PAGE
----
|POSITION:||Special finance manager, Cueter Chrysler-Jeep-Dodge-Ram, Ypsilanti, Mich.|
|ACHIEVEMENT:||With no automotive or finance background and just three years in her position, Oribello is consistently the top special finance performer among her peers in the six-store Champion Automotive Group|
Jennifer Oribello was never a car whiz.
"When I got out of high school, I used to drag race Mustangs, but that was the extent of what I knew about cars," she said.
Now, as special finance manager for Cueter Chrysler-Jeep-Dodge-Ram in Ypsilanti, Mich., she is consistently tops in performance among her peers in the six-dealership Champion Automotive Group. Oribello arranges financing for Cueter's subprime customers and first-time buyers, which she says make up 35 to 40 percent of the dealership's business.
"My boss tells me he gave me the tools to do what I do, and I just kind of took it and built whatever it is I built," she said.
Oribello came to Cueter in 2013 from a bartending job. But before switching from cocktails to cars, she was a biology major in the pre-nursing program at Eastern Michigan University. In college, she realized the emotions that come with nursing would be too much for her to handle.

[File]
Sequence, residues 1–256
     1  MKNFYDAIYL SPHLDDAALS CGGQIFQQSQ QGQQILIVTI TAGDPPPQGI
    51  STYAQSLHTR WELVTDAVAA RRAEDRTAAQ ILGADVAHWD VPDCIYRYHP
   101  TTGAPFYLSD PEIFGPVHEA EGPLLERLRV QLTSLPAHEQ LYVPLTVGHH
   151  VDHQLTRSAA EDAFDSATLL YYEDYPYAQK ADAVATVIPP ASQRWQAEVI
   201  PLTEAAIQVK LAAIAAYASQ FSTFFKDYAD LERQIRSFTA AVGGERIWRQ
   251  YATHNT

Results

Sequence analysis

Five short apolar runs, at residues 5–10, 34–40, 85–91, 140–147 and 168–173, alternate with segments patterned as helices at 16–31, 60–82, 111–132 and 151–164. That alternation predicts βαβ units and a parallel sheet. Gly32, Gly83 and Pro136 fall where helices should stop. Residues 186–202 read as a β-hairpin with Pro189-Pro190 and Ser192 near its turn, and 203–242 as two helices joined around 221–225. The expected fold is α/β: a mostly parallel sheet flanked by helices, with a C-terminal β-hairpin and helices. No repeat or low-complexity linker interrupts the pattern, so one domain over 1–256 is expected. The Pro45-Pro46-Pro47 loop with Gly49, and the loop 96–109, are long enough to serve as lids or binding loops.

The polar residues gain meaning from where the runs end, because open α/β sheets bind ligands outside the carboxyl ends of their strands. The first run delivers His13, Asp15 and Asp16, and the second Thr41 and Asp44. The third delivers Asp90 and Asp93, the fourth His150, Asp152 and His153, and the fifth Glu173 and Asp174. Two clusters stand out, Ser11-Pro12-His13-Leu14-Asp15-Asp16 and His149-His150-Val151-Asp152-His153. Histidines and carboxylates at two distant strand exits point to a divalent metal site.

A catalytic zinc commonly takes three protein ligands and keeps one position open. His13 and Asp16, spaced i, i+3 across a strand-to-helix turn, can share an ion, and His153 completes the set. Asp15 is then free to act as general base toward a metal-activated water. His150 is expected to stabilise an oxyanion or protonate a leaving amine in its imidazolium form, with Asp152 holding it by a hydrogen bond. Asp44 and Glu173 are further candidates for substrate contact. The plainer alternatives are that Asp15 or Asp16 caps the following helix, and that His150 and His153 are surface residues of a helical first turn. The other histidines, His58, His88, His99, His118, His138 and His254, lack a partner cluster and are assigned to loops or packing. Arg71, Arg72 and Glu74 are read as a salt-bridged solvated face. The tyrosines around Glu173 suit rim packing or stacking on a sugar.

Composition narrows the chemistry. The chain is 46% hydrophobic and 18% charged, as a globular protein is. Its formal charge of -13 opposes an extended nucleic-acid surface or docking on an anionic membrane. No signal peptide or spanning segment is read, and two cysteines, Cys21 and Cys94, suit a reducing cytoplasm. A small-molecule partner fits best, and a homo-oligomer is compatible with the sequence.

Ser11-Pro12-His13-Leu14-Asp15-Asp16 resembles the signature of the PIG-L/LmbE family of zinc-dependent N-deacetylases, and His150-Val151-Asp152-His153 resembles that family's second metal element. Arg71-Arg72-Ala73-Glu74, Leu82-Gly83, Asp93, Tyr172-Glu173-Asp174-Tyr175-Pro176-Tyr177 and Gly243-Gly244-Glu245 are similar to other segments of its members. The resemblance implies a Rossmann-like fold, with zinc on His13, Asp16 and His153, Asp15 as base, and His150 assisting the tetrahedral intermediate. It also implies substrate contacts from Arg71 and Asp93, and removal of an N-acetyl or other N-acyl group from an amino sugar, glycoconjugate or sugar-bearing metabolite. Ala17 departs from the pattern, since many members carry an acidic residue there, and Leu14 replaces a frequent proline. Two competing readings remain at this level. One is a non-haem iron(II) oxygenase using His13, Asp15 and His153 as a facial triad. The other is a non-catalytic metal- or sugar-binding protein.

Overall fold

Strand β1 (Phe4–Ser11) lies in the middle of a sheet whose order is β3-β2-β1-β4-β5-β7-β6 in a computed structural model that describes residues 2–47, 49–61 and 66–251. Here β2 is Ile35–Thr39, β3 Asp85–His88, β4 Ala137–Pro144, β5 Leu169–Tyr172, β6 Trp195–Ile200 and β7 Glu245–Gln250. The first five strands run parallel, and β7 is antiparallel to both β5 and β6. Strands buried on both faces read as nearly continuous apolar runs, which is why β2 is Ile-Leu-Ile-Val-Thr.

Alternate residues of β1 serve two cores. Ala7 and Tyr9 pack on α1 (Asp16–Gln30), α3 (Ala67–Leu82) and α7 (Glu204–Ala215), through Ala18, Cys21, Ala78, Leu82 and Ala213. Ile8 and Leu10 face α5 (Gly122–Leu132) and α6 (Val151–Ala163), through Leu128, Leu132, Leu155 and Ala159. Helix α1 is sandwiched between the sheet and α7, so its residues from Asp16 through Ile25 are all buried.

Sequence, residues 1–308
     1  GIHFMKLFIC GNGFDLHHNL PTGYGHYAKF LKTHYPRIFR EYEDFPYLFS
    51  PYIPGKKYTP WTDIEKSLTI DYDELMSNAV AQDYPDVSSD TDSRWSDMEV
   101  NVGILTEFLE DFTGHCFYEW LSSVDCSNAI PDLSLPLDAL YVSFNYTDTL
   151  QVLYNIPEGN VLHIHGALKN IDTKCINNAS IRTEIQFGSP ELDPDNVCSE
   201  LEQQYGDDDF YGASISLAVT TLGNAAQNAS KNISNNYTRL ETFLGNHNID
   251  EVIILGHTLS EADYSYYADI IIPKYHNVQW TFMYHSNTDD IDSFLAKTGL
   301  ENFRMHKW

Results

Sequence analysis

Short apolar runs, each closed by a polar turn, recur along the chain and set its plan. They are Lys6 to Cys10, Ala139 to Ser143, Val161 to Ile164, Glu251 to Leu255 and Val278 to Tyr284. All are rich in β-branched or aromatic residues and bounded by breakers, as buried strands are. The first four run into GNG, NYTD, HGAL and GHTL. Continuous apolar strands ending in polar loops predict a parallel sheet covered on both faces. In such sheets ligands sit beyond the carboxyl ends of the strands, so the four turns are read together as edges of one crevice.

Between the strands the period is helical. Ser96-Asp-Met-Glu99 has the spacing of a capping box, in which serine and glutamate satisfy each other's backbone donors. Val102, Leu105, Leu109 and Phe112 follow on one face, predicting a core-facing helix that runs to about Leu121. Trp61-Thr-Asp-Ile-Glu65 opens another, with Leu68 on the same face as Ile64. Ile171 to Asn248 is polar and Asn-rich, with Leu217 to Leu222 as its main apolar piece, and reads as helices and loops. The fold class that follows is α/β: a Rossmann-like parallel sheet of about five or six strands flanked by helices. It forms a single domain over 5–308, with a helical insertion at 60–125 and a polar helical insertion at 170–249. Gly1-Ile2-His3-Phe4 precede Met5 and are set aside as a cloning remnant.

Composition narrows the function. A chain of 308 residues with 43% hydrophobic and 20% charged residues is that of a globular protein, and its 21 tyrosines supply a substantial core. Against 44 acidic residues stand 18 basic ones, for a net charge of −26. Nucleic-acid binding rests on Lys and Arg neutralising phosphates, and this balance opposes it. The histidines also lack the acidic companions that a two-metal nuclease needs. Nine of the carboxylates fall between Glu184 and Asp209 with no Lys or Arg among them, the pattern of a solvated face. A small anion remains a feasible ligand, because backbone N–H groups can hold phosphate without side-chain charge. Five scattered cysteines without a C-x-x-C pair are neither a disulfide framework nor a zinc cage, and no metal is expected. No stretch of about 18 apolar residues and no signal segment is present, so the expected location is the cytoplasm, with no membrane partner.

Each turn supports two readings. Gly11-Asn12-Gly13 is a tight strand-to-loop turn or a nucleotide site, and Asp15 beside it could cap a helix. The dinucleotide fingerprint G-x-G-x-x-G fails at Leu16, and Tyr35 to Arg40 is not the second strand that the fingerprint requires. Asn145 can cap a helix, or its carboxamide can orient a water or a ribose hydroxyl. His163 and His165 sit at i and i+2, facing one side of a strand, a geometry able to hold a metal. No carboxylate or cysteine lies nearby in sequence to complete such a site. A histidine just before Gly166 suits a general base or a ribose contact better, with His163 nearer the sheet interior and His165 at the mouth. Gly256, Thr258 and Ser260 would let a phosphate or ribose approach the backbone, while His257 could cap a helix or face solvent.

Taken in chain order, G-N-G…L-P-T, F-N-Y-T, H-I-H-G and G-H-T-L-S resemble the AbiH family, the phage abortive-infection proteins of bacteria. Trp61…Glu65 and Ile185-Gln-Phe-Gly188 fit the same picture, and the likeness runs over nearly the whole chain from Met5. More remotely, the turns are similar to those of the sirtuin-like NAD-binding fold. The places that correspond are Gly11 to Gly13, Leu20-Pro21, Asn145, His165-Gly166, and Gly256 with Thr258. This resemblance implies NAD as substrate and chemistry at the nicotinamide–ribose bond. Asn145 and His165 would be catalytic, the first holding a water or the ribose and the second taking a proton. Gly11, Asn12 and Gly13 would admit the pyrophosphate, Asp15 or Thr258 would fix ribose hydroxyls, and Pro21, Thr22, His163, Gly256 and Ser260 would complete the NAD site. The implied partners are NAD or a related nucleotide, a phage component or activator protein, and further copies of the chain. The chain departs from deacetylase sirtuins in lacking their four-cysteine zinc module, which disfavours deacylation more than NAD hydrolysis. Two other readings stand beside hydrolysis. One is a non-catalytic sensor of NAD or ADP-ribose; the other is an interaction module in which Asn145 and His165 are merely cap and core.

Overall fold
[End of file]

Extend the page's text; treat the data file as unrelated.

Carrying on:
When Oribello's brother passed away, his nurse was overcome with sadness. Oribello expected that if she became a nurse, she would become attached to patients, just as her brother's nurse had. She didn't want her work to bring her to tears, she said. So after bartending for a while, she looked to pharmaceutical sales but failed to find a job because she lacked sales experience.
Then her job search led her to the dealership. After a six-month stint in Cueter's business development center for special finance leads, Oribello was promoted to special finance manager.
"I have so much passion for it. I absolutely love it," she said.
She dedicated four years to becoming a biology expert, but on her new career path, her passion comes from having a blank slate.
"I've never worked in this kind of industry ever, so coming in not knowing anything and seeing the way everything works -- I love it," she said. "Everything about it; there's nothing that I don't want to learn and know and understand."
For now, Oribello focuses on helping and educating her customers, many of whom have faced bankruptcy challenges. When she is able to arrange financing for them, "they're always excited. People get me crying all the time," she said. "But it's a happy cry, so I'm OK with it."